California’s Business and Professions code prohibits physicians from advertising that they are board-certified unless they are certified by an ABMS member specialty board, a specialty board with an ACGME accredited postgraduate training program or “a specialty board with “equivalent” requirements approved by the Medical Board of California’s Licensing Program.”  The Medical Board has approved the following four specialty boards:

  • American Board of Facial Plastic and Reconstructive Surgery (1995)
  • American Board of Pain Medicine (1996)
  • American Board of Sleep Medicine (1998)
  • American Board of Spine Surgery (2002)

Florida
Florida Board of Medicine Rule 64B8-11.001 – Advertising

Florida’s Board of Medicine formally recognizes ABPM as a specialty board, and authorizes ABPM Pain Medicine Diplomates to advertise as specialists in Florida.

Florida
FL Statutes 456.44  – Controlled substance prescribing law

Pursuant to this law, “Board-certified pain management physician” means a physician who possesses board certification in pain medicine by the American Board of Pain Medicine, board certification by the American Board of Interventional Pain Physicians, or board certification or sub-certification in pain management by a specialty board recognized by the American Association of Physician Specialists or an osteopathic physician who holds a certificate in Pain Management by the American Osteopathic Association.”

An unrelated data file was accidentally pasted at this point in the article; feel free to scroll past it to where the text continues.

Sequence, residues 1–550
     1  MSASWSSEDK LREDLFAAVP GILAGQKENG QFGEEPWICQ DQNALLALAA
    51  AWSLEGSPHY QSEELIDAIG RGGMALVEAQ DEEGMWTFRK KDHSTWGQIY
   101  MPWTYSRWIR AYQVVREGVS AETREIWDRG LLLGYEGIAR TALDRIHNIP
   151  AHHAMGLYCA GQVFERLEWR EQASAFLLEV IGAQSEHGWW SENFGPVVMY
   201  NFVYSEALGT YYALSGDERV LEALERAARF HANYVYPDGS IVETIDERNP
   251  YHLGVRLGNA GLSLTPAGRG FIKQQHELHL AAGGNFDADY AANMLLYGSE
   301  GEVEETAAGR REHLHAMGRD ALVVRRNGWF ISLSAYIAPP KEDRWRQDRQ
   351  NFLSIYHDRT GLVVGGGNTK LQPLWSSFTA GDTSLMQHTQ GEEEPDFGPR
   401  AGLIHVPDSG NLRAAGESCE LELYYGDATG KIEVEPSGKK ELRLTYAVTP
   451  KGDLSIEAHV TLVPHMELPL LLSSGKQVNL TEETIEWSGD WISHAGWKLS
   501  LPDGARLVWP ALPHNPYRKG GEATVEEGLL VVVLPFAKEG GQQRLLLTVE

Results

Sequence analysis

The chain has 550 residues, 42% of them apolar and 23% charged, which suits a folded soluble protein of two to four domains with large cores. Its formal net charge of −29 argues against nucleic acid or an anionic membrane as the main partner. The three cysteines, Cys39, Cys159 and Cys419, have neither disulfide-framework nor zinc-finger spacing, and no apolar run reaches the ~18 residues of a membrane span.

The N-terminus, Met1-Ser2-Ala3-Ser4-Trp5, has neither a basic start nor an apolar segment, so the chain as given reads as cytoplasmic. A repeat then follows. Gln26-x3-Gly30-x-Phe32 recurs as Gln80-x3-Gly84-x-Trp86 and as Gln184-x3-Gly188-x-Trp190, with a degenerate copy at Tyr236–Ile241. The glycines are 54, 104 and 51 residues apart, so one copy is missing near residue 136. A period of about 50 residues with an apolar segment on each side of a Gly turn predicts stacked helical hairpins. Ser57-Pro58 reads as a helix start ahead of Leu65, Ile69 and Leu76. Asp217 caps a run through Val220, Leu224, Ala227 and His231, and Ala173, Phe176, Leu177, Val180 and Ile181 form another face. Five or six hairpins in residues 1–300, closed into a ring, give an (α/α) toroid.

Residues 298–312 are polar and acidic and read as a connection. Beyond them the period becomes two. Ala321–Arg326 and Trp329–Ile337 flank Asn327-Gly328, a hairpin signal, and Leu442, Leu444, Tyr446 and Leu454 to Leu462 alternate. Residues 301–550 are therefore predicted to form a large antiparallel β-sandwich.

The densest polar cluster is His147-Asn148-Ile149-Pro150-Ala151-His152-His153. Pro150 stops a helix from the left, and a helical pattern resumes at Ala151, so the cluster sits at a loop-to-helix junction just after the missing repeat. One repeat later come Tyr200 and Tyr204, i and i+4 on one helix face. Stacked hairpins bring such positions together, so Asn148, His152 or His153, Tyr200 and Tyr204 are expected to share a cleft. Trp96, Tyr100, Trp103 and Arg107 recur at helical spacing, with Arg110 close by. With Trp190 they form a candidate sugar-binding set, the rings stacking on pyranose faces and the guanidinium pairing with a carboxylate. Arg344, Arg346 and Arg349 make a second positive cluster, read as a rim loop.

Georgia
Georgia Rule 360-3-.06 – Pain Management Protocol

The Georgia pain management protocol states: the Georgia Composite Medical Board “recognizes certifications in pain medicine or palliative medicine by the American Board of Medical Specialties or the American Osteopathic Association, the American Board of Pain Medicine and the American Board of Interventional Pain Physicians.”

Kentucky
201 KAR 9:250E - Registration and Oversight of Pain Management Facilities

The regulation details Kentucky’s requirements for owning pain management facilities.  The regulation imposes strict requirements for physician-owners or physician owner-designees who will actively practice medicine in the facility, to include an attestation that demonstrates current ABMS or AOA subspecialty certification in either pain management or hospice and palliative medicine or through certification by the American Board of Pain Medicine or American Board of Interventional Pain Physicians.

Michigan
Pain and Symptom Management Advisory Report